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A brief history of child removal/child protection (part 1)

This post was first written in February, 2007 on my Harlow’s Monkey blog.

Seesaw_1 One of the first things that a social worker who focuses on child welfare issues soon realizes is that the practice of child welfare is fraught with several inherent value and ethical conflicts.

At the core of this conflict is the question of whose rights take precedence: the parent or the child.

Over the past 200 years, our society has struggled with this conflict. Thus, at some points in history we will find that the rights of the child are considered more important; at other times we see laws and policies that support the rights of the parents.

We tend to think that child abuse happens squarely within the context of a nuclear family and often, we blame those who are responsible for the day to day care of said child or children. But I agree with Pecora, Whittaker, et. al (2000) who also place the responsibility for care of children in the hands of society at large – on the community, social and institutional levels. With that perspective, we might claim that any society or community that does not provide safe housing, adequate nutrition and education or violence-free environments as committing child maltreatment.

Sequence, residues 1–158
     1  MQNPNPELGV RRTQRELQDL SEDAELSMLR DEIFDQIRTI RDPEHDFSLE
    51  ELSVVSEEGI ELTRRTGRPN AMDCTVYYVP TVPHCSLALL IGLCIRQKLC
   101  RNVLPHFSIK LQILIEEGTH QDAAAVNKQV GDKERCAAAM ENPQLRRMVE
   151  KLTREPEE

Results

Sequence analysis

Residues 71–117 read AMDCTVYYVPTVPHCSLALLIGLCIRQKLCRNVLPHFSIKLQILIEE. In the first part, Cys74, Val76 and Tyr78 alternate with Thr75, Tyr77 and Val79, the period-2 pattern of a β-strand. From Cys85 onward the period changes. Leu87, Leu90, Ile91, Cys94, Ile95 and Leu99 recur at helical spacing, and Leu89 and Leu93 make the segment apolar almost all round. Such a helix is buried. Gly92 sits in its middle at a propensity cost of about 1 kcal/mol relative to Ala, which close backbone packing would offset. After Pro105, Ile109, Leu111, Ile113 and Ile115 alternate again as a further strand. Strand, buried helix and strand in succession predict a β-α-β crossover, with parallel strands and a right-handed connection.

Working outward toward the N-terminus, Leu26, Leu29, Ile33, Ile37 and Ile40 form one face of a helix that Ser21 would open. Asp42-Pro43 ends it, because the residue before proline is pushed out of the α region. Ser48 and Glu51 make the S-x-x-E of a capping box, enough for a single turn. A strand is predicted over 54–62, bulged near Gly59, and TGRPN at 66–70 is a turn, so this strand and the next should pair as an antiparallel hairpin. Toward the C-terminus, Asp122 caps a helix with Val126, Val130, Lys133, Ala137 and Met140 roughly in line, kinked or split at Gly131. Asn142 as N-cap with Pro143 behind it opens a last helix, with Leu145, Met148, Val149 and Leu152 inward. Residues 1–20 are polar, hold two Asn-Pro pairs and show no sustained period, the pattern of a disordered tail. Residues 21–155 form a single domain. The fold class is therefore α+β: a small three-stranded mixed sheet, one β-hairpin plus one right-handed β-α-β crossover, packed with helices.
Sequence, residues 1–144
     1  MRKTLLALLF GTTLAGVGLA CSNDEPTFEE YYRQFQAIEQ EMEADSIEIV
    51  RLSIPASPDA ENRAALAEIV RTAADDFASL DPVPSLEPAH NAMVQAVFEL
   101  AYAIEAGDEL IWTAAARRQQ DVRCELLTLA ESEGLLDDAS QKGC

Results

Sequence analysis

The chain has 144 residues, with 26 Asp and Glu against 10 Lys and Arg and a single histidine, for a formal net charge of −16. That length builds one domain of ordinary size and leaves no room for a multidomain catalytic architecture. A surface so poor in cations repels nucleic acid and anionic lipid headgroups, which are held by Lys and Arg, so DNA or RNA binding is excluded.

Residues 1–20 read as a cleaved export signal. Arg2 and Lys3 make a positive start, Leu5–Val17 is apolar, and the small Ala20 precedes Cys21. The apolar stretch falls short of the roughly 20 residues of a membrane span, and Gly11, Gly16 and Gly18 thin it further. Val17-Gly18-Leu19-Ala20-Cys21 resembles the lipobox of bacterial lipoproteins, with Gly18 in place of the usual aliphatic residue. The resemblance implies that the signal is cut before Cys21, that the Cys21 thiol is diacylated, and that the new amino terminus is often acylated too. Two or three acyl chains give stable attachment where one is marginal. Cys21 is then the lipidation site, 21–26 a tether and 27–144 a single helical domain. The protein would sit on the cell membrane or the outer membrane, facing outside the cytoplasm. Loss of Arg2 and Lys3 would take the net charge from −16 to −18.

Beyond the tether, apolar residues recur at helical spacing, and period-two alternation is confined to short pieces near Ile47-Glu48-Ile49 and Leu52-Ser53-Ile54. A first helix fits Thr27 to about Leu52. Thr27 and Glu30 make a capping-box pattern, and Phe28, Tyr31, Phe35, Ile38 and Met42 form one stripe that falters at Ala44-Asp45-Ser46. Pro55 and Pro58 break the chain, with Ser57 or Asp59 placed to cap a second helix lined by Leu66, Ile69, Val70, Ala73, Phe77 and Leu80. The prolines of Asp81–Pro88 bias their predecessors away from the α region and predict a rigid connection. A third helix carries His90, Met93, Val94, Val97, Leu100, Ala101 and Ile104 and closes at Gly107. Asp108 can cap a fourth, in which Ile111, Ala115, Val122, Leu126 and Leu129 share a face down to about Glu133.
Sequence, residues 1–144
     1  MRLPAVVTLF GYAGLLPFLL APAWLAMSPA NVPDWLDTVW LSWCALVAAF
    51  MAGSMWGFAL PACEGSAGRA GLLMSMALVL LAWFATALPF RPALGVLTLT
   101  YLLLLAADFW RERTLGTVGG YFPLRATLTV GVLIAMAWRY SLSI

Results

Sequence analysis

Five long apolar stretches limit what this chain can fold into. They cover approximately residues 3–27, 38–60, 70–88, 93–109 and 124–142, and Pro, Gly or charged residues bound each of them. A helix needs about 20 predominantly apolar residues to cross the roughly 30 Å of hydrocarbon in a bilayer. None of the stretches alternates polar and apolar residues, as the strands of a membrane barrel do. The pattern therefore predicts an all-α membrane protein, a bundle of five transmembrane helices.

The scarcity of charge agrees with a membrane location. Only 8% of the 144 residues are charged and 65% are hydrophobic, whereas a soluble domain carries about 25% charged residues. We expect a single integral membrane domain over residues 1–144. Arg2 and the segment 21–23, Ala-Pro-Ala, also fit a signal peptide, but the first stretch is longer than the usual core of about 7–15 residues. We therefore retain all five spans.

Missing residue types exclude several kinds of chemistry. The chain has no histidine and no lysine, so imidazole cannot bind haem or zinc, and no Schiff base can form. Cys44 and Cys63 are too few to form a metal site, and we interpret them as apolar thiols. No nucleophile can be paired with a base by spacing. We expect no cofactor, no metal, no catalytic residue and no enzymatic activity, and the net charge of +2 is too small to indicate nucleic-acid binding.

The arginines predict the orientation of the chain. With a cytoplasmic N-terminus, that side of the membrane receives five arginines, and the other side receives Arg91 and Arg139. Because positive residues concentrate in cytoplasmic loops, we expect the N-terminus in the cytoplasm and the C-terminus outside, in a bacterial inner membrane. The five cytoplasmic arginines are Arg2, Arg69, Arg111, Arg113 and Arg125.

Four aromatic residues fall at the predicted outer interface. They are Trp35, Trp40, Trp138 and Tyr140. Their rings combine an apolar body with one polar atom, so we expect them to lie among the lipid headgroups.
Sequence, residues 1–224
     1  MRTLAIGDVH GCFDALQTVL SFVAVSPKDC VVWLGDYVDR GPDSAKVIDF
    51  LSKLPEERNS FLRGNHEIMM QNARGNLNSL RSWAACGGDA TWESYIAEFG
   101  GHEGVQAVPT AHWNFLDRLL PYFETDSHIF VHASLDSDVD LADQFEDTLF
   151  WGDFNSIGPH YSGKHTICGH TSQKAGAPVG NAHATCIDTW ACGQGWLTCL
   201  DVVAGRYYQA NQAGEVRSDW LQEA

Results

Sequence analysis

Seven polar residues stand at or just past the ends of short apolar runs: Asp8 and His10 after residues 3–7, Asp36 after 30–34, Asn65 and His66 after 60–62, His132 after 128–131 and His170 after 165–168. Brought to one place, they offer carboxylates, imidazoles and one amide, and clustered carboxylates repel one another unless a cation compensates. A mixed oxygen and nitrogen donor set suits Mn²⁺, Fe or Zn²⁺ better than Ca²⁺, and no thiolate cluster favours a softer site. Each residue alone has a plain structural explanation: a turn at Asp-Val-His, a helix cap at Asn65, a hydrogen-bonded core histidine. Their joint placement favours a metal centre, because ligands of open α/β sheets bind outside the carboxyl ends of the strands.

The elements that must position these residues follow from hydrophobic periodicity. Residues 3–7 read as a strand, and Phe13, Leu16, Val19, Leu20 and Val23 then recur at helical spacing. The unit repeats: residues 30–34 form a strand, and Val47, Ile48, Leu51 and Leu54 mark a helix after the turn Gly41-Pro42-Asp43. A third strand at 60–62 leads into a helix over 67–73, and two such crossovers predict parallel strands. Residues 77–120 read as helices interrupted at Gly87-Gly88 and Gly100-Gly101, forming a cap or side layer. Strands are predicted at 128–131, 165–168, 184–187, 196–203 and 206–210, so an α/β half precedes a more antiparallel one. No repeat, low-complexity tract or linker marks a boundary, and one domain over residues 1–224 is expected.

Shireman (2003) points out that on an institutional level, for example, our society is guilty of maltreatment when “schools, legal authorities, or institutions designed to care for children and families fail to provide adequately for all children.” To me, this includes the structural discrimination that negatively targets certain populations. I’ll delve into this further in my next post, but think of things such as equal education, housing, medical care, finance, employment, etc. that have/continue to purposely discriminated against some populations. If we are structurally contributing to suppressing the opportunities for targeted populations, and those children suffer as a result, then we are guilty for the maltreatment of those children.

This is not to say that individual parents should not be held responsible for the care and treatment of their children; but I believe that our institutions and policies also need to be responsible.


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